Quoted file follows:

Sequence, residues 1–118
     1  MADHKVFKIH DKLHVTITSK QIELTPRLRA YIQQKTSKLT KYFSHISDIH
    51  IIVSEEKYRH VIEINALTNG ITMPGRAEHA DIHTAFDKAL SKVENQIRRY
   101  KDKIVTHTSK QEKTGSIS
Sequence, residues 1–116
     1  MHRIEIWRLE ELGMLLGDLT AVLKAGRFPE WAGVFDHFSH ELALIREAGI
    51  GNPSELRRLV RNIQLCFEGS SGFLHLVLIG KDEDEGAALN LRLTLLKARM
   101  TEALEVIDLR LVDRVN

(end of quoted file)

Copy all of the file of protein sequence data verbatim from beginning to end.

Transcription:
Sequence, residues 1–118
     1  MADHKVFKIH DKLHVTITSK QIELTPRLRA YIQQKTSKLT KYFSHISDIH
    51  IIVSEEKYRH VIEINALTNG ITMPGRAEHA DIHTAFDKAL SKVENQIRRY
   101  KDKIVTHTSK QEKTGSIS
Sequence, residues 1–116
     1  MHRIEIWRLE ELGMLLGDLT AVLKAGRFPE WAGVFDHFSH ELALIREAGI
    51  GNPSELRRLV RNIQLCFEGS SGFLHLVLIG KDEDEGAALN LRLTLLKARM
   101  TEALEVIDLR LVDRVN